What Adani’s Port of Haifa Purchase Means for Indo-Israeli Relations
In depth: The Indian consortium led by Adani, which has close ties to Prime Minister Modi, has bought Israel’s second-largest port. While the acquisition will strengthen bilateral relations, New Delhi also seeks to improve regional economic relations.
The days of Nehru and India’s support for Palestinian self-determination are over, with Modi’s India taking relations with Israel to unprecedented levels, fostered by close cooperation between partners like the UAE and Israel, especially in infrastructure and transport projects.
At the end of July, India’s largest port developer and operator, Adani Ports and Special Economic Zone Limited (APSEZ), acquired the lease of the port of Haifa, Israel’s second largest, until 2054, with the chemical group and Israeli logistics Gadot. In closing the NIS 4.1 billion ($1.18 billion) deal, Adani owns 70% of the shares, while Gadot holds a 30% stake.
The implications are expected to reverberate far beyond the region and position Israel at the heart of global competition for dominance of trade routes. It can also come at the expense of other states in the region, including Egypt and its precious Suez Canal.
The Indian group had been pushing for the port deal for two years, but without success. This time, the price offered was 55% higher than that of the second highest bidder. According to an Israeli media Globes the offer was well above the $870 million Tel Aviv expected to receive.
For Adani, it was a “strategic purchase”, as the group operates 13 maritime terminals in India and controls almost 24% of India’s maritime trade. After the sale was completed, the group’s shares jumped 1.9% and rose a further 0.56% in the following days.
“In late July, India’s largest port developer and operator, Adani Ports and Special Economic Zone Limited, acquired the lease of Haifa Port, Israel’s second largest, until 2054”
Avigdor Lieberman, Israel’s finance minister, welcomed the deal, saying, “The privatization of Haifa Port will increase competition in ports and lower the cost of living.”
Finalized after a two-year bidding process by the Israeli government, the privatization of the port will help reduce import prices for Tel Aviv as well as shorten queues at local ports.
Since 98% of all goods enter and leave Israel by sea, the government has modernized the sector to preserve its economic growth. Haifa happens to be Israel’s leading deep-sea port, handling almost half of the country’s cargo volume in 2021.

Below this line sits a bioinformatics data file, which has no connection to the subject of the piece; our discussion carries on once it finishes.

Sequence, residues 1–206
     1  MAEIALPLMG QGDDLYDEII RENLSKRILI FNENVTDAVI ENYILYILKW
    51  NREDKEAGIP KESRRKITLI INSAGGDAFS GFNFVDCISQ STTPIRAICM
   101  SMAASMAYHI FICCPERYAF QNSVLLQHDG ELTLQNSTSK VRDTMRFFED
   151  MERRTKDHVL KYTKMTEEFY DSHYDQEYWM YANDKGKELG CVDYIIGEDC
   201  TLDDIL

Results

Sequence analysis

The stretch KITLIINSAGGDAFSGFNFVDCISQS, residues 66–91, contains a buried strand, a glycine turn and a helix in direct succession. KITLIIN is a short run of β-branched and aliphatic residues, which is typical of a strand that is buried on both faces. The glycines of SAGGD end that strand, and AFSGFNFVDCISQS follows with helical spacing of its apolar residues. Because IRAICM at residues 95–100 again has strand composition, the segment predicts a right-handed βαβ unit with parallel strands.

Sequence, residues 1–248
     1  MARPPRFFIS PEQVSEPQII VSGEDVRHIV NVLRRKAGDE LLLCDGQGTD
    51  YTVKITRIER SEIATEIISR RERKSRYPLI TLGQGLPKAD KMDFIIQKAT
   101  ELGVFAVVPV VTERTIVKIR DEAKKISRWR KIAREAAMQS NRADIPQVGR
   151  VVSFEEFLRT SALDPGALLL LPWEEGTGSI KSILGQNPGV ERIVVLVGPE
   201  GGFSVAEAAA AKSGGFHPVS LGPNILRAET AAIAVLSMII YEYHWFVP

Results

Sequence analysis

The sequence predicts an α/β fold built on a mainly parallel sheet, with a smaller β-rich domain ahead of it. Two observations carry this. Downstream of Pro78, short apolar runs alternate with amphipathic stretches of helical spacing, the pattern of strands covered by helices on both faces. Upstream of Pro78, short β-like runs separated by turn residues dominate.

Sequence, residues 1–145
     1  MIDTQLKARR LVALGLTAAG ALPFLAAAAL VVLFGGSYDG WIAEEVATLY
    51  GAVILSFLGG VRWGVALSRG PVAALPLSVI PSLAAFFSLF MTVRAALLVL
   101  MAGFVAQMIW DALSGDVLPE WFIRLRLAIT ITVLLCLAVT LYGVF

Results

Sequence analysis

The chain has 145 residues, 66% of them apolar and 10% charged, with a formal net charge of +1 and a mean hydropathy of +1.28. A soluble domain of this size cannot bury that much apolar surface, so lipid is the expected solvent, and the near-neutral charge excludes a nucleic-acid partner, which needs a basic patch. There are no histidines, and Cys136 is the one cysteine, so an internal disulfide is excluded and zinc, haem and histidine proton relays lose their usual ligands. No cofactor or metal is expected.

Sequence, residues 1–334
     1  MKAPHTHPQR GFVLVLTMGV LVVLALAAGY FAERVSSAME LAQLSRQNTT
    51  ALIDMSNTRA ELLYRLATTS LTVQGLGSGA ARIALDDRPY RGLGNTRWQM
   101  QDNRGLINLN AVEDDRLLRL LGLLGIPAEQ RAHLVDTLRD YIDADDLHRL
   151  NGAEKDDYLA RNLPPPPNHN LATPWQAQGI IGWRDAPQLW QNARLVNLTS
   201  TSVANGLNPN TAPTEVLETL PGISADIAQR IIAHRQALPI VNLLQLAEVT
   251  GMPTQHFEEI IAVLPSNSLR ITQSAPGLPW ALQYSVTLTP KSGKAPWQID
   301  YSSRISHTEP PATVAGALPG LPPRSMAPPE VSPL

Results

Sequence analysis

As Opher Linchevski, CEO of Adani’s partner group, Gadot, said: “The length of the lease and the growth we anticipate in the Israeli economy, as well as in the surrounding regions, means that we are well placed to invest. in the construction of one of the best ports in this region”.
Interestingly, this port deal came to fruition right after an online conference held between US President Joe Biden, Israeli Prime Minister Yair Lapid, UAE President Mohammed Bin Zayed and Indian Prime Minister Narendra Modi during the Biden’s visit to Jerusalem.
Finalizing I2U2, a new quadrilateral arrangement to rival China’s Belt and Road Initiative (BRI), the four leaders may well have discussed the Haifa Port deal.
“Israel’s award of the purchase of its Haifa port to the Indian-led consortium Adani Ports is of great significance,” Professor Michael Tanchumnon-resident researcher at the Middle East Institute (MEI) and senior researcher at the Austrian Institute for European and Security Policy (AEIS), said The new Arabic.
But what are the benefits for both sides of this deal in the broader context of Indo-Israeli relations, and will there be any regional impact?
First, Tel Aviv was already seeking to strengthen its relations with India. Israeli Defense Minister Benny Gantz was in New Delhi last month for an update on security cooperation and trade relations. Along with this, a free trade agreement between Israel and India is also on the table.
New Delhi is Tel Aviv’s third largest trading partner in Asia and seventh globally. Trade ties are on an upward trajectory and have grown from $200m in 1992 to $6.35bn – excluding defense – in 2022, and the trade balance is in favor of India.
“Adani’s acquisition of the Israeli port of Haifa with Gadot is an important development given the growing relationship between India and Israel,” Ashok Swainprofessor of peace and conflict research at Uppsala University in Sweden, said The new Arabic.
Additionally, Israel can expect new deals in the defense sector, as the Adani Group has already partnered with major Israeli defense companies to set up a drone manufacturing company in India.